Polling is mixed. (Here, for example, is a poll showing majority support for collective bargaining and against the idea of balancing budgets solely on the backs of organized workers.) But there's some indication the Republican Party is making significant headway in its mission to demonize public workers — teachers particularly — as overpaid.
Traditionally, teachers have taken middling pay in part because of a dependable pension and some time off in the summer. (In some places, solid health benefits have been part of the equation, but generally not in Arkansas where subsidies for teachers' health coverage tend to be far less than those for other public workers.)
My thought for the day: The drive against public employees is often led by many of the same people who decry the quality of our teaching force and the need to ruthlessly root out underperformers (generally by a rigid adherence to high stakes testing results.) Teachers must not only be more effective, regardless the raw material with which they work and the dysfunctional homes from which they spring, they must work longer hours and more days. Or so the crusaders say.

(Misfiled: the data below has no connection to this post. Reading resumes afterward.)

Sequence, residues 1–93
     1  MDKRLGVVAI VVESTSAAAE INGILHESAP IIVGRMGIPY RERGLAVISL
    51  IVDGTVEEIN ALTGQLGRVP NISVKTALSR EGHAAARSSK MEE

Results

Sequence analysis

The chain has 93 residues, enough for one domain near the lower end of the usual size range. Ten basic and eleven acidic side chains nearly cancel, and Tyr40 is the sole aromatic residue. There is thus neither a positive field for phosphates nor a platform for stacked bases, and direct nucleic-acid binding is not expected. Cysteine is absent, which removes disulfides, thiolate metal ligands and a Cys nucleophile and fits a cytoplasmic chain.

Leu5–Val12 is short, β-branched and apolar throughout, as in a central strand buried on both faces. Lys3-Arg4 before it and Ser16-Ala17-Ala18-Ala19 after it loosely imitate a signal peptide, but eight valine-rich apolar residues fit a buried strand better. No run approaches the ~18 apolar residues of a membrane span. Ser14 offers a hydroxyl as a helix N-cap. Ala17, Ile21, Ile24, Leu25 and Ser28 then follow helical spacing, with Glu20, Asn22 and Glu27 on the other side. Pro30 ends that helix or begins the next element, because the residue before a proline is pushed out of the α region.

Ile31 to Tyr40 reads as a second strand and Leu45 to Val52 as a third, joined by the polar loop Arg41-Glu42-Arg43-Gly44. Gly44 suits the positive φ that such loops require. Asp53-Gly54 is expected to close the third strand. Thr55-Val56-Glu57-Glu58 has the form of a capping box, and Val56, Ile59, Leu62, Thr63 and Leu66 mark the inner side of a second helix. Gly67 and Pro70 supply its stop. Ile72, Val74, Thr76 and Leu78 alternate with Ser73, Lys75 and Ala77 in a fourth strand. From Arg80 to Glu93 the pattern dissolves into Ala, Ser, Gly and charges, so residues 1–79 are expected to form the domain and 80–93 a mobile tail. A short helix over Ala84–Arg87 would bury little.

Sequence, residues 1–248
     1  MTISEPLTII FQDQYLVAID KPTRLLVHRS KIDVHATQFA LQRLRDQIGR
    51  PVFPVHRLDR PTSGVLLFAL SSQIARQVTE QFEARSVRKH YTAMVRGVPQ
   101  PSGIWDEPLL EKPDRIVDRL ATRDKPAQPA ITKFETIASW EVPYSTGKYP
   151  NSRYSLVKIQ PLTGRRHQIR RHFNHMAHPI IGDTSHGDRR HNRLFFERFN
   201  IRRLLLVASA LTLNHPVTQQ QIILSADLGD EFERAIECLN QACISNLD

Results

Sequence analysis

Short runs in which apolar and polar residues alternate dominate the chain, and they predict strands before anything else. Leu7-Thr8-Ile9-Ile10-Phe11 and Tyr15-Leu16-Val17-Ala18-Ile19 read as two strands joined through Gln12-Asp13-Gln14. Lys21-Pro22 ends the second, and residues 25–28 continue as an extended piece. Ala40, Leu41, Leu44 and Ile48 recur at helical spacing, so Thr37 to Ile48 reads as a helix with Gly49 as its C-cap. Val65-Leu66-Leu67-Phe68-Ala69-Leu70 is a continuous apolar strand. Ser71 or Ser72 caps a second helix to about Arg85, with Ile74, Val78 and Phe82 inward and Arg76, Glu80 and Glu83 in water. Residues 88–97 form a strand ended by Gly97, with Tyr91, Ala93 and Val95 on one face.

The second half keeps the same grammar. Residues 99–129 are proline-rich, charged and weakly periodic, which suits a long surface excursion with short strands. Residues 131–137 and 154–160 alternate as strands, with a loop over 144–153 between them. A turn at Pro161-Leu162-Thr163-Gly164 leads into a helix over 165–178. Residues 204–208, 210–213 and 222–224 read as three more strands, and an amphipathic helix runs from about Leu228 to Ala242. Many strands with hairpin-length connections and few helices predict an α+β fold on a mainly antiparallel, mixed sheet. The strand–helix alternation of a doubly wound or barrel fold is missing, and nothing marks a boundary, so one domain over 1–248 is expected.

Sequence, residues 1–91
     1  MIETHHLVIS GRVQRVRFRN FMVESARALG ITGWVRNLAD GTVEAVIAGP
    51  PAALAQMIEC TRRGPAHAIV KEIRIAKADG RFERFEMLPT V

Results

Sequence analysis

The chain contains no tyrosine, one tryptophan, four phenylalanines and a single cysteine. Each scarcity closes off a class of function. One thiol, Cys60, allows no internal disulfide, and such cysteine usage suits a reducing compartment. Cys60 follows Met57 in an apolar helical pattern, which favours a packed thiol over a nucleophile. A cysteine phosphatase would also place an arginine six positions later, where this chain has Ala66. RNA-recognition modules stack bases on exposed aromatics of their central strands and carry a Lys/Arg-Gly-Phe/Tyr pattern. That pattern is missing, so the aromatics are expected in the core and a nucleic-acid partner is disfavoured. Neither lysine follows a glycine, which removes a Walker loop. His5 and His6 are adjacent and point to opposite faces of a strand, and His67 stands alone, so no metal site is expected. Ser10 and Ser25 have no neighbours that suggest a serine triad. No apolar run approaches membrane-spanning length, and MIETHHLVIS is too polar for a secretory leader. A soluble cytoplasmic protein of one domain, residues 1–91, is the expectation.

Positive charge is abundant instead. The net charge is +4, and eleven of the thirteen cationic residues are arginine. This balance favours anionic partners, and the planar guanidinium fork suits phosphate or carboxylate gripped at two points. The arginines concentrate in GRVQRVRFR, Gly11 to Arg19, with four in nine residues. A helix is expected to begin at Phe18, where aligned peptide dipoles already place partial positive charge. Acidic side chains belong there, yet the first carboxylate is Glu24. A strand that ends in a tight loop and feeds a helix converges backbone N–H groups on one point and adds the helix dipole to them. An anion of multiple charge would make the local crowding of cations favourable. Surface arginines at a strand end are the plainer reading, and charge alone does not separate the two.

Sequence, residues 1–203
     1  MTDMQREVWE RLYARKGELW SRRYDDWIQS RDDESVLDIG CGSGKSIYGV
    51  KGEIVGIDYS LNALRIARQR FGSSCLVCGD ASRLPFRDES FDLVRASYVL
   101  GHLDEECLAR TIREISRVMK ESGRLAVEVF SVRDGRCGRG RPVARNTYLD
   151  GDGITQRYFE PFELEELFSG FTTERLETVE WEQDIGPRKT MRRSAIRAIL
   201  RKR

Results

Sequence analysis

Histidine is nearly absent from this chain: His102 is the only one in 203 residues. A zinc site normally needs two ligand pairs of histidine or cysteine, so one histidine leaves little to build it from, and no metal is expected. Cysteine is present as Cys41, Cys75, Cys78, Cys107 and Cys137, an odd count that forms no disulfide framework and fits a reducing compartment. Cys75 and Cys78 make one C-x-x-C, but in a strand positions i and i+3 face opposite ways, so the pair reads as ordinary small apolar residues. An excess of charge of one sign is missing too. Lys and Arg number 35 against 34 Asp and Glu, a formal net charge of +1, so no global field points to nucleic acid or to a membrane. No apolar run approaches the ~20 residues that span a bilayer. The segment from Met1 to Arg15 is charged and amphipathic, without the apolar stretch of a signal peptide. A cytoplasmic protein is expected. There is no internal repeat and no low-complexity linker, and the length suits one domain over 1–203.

So then. When we root out the subpar performers, who will we recruit to work longer hours for middling pay and fewer benefits? Don't tell me a scattering of bonuses for the putative high performers (those test scores again) will do the trick. If the overall pot isn't bigger, you haven't offered sufficient incentive to recruit the tens of thousands needed to stand in front of the country's classrooms. In private business, if executive bonuses are a guide (don't hold me to this), you should pay increasing amounts for better performance. Working smarter and harder for less appears to be mostly a formula the plutocrats demand for public employees and their own unorganized lower-level workers.
(Thanks to Gov. Cheese for the thematic YouTube link.)